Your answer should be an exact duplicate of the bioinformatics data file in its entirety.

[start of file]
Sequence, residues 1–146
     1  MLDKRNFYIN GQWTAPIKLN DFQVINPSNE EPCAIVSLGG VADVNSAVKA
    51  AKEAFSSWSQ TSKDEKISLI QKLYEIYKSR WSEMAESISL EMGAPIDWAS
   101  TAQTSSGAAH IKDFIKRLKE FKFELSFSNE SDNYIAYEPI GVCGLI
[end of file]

Sequence, residues 1–146
     1  MLDKRNFYIN GQWTAPIKLN DFQVINPSNE EPCAIVSLGG VADVNSAVKA
    51  AKEAFSSWSQ TSKDEKISLI QKLYEIYKSR WSEMAESISL EMGAPIDWAS
   101  TAQTSSGAAH IKDFIKRLKE FKFELSFSNE SDNYIAYEPI GVCGLI